Matty contemplates this wickedly nasty thriller’s place within its director’s oeuvre.
Upon completion of his long-gestating Dagon (2001) — which was originally set to follow Re-Animator (1985) — Stuart Gordon turned his attention to another passion project, KING OF THE ANTS (2003). Gordon had been introduced to Charlie Higson’s titular 1992 novel over half a decade earlier by Cheers star George Wendt, who Gordon had known since his theatre days in Chicago. The helmer, Wendt, and Higson — the co-creator of iconic sketch comedy The Fast Show — then spent the best part of the ‘90s and early ‘00s trying to get a movie version going. Success was perpetually out of reach: studios and producers loved Higson’s script and Gordon’s gusto, but they were deterred by its dark subject matter and amoral, albeit blackly comic, tone. According to Gordon, “it’s brilliant but we could never make it” was what they’d frequently hear. Of all places, it was The Asylum who finally bankrolled King of the Ants, prior to them getting into the mockbuster business . It was budgeted at $400,000 and shot on 35mm short ends.
At their core, Stuart Gordon’s films are about people and the consequences of their actions, which usually range from the selfish to the psychotic. Witness: the ambitious and driven Herbert West, raising the dead and raising hell, in Re-Animator; the maniacal Dr. Pretorius, opening the door to another world and twisting into a gooey, transdimensional mess in From Beyond (1986); the assortment of meanies who get their just desserts at the hands of murderous marionettes in Dolls (1987), while the only two genuinely virtuous characters are allowed to walk away, scot-free; and the eponymous Castle Freak (1995), a broken man-child reduced to savagery after a lifetime of abuse. King of the Ants is rooted in the same conceptual terrain, and boasts a close kinship with Castle Freak in particular. Like Castle Freak, King of the Ants is a frightening yet perversely human story; an unflinching rumination on the nature of cruelty as Gordon probes how often and how casually a person can inflict pain onto someone else, presenting another world where cause and effect are inescapable.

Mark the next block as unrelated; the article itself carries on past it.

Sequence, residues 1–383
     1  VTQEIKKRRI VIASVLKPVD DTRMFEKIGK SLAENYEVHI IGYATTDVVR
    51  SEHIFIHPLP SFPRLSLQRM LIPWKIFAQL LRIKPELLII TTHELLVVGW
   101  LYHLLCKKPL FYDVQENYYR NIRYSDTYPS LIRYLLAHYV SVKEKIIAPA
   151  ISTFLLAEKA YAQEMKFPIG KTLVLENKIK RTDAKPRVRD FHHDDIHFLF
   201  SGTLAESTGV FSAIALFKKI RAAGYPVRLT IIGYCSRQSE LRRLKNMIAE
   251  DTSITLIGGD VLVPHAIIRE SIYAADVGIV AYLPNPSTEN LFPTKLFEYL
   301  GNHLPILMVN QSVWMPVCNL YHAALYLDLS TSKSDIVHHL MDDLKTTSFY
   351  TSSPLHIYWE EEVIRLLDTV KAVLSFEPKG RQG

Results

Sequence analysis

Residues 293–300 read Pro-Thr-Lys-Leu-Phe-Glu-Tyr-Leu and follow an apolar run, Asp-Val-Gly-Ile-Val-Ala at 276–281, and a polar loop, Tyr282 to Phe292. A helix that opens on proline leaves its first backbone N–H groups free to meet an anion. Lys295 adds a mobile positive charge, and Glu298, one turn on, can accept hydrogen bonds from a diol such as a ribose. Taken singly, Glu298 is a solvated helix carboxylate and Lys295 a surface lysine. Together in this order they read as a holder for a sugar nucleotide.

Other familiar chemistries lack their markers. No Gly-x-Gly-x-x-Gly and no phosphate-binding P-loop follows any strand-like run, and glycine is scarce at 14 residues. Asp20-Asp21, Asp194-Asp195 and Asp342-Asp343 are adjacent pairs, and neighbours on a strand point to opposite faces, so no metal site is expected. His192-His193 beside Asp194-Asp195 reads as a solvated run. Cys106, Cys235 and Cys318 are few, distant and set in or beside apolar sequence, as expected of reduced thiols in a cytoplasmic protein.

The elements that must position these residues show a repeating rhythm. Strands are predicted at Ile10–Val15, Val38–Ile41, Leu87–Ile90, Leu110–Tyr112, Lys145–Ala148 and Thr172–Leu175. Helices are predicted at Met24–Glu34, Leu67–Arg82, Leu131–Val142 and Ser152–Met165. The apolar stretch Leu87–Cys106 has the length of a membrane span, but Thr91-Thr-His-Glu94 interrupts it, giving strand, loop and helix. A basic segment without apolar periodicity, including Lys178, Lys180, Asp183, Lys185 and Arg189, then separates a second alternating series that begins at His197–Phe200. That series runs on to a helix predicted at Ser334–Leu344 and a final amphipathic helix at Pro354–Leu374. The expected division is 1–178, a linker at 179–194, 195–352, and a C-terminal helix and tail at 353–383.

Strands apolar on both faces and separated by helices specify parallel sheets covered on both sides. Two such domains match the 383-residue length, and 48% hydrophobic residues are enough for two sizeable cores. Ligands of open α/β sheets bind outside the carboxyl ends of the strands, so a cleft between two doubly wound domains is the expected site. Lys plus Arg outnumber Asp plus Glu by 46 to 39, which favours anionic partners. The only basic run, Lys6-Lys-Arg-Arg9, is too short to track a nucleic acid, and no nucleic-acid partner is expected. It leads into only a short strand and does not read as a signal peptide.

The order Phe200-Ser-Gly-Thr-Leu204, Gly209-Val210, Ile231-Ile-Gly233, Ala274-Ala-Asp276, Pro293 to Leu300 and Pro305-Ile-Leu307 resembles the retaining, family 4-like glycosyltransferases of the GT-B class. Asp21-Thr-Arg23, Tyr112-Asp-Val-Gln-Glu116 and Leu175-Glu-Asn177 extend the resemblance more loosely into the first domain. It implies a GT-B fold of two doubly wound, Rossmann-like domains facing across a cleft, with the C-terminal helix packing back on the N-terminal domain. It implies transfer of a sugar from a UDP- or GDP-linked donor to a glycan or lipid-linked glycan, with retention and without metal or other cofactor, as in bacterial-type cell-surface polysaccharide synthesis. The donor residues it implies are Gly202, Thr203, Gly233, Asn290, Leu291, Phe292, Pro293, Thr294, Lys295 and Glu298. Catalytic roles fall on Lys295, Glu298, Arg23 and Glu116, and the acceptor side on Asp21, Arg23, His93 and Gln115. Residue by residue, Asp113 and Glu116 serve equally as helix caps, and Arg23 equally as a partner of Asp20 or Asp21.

“They wanted a fall guy. They created a monster,” screams King of the Ants’ tagline, underlining Sean Crawley’s place within its narrative. A chump with a whiff of the nice-but-dims to him (a trait amplified by the excellent Chris L. McKenna’s deceptively complicated performance — despite all the horrible things he does, you continually find yourself rooting for him), Crawley is working as a (not very good) decorator in L.A. when a chance meeting with a burly electrician, Duke (Wendt, merrily subverting his nice-guy image), results in him being recruited by a shady property developer, Ray Matthews (a chillingly brusque Daniel Baldwin), to tail a city hall accountant (an uncredited Ron Livingston, in a small but pivotal role that Higson was slated to play ).
A deft blend of noir, revenge caper, psychological horror and character study, to say much more would ruin several of the plot’s richest surprises — but Crawley being accosted by a drunken Matthews sets the stage for a vicious and disturbing second and third act, as our ‘hero’ evolves from dolt to clumsy assassin and, then, to a surprisingly efficient killing machine thanks to a protracted torture sequence infinitely ickier and more wince-inducing than any Saw (2004) or Hostel (2005).